Exhibits in other parts of the distributed Jewish Museum hint at how it happened. The Jews were never more than tolerated in Prague, their rights to live and work and marry always restricted and often curtailed. The Old Jewish Cemetery is crammed with stones, which hints at the bodies buried ten and twelve deep because the Jews were not permitted to bury their dead elsewhere. Documents on display in the beautiful Spanish Synagogue record how the Nazis required Jews to turn in their gramophones and skis, each properly packed and with a copy of Form C. The noose was tightened and tightened and tightened, and the illusion was maintained right up until the last minute that the Jews would be allowed to return home.
Looking at the many artifacts of Jewish life and religious practice on display, I realized that the prohibition against graven images means that most Jewish objects are decorated with Hebrew text and very little else. To the non-Jew, everything in Jew Town was opaque and mysterious, densely covered with unreadable, perhaps even mystical, symbols. This may be part of why they hated and feared their Jewish neighbors.
In the bathroom mirror of the restaurant where we had dinner I saw a face very much like some of the photographs of Czech Jews we’d seen in the museum (Sigmund Freud was one).
Two of my grandparents were born in the US, and the other two came here from Russia well before WWII. I don’t know of any relatives who died in the Holocaust, and I’m not a very observant Jew. But I think all of us, Jew and Gentile, black and white, gay and straight, need to remember that human beings did this to other human beings, and make sure it doesn’t happen again.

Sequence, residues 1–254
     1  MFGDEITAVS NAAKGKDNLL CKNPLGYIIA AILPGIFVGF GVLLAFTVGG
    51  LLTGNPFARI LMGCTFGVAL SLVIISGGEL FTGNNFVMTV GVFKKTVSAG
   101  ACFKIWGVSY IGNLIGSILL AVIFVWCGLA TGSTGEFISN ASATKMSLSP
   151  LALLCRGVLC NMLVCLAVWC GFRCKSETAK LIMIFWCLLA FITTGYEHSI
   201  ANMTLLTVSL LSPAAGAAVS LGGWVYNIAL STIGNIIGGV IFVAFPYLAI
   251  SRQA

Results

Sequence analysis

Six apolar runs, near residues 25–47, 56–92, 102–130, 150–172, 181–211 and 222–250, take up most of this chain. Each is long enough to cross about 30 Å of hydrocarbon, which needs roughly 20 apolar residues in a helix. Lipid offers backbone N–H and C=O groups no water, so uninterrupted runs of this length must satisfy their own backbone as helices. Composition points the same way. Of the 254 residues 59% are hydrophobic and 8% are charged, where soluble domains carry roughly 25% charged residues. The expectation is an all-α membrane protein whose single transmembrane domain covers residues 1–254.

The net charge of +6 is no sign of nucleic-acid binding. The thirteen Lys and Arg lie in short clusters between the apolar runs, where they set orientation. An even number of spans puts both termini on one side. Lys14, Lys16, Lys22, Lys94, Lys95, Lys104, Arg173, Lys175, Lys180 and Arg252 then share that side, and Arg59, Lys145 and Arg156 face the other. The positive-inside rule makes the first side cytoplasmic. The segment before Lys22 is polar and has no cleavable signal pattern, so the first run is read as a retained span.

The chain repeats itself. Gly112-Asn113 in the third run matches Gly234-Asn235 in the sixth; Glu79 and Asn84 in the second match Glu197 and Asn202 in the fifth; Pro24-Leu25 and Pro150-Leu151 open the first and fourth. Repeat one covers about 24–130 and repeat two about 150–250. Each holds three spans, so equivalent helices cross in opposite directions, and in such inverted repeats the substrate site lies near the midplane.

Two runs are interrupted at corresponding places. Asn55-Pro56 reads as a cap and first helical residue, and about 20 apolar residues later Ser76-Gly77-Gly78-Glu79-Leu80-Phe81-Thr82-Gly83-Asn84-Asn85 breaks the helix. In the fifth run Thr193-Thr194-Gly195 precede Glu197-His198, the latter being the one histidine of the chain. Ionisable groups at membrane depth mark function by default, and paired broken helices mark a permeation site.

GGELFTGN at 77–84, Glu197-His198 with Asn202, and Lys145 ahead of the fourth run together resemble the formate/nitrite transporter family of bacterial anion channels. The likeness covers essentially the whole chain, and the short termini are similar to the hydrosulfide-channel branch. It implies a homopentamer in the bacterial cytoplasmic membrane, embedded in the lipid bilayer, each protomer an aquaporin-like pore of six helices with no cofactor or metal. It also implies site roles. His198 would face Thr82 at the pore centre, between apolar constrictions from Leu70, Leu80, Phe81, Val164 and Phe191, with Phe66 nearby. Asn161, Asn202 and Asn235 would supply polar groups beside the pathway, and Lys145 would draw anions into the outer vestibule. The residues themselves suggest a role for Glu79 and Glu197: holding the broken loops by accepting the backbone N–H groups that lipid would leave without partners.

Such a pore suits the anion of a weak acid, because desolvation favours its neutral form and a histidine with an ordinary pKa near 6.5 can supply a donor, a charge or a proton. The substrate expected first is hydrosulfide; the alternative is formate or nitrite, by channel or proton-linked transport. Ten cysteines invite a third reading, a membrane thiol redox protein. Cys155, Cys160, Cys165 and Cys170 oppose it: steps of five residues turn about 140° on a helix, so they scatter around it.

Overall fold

Finding dinner was a bit of a goat-rope. First we went to a restaurant right near the museum that sounded great, but it was not yet 6:00 and the menu only included some uninspiring sandwiches and salads. The next place we tried, a bit of a hike away, was smoky and unappealing. To get to the third place we walked all the way back to the first one and past it (though it was now after 6:00, we didn’t want to go back in), but the third place was not only a smoking zone, it looked closed. Fortunately our fourth choice, a Burmese/Thai/Indian place called Orange Moon, was right across the street, open, nonsmoking, and smelled good. Service was quick and friendly, prices reasonable, but, alas, the two Burmese dishes we ordered were merely okay.
Took a tram back to the hotel. Shortly before boarding, Kate’s knee went out on her (it has done this before) so she limped back to the room. I hope it’ll be better after a good night’s rest.
Most of the laundry is mostly dry. I hope it, too, will be better after a good night’s rest.
I share the sorrow of the horror that Jews lived and died in.
“And I could weep at how mean people are and how they betray their fellow creatures, perhaps for the sake of personal advantage. It is enough to make a person lose heart sometimes.”
― Sophie Scholl
Sophie did what she could and paid for it with her young life. The world needs more of such people. May it never happen again to anyone. Yet I see it in current events. God help us all.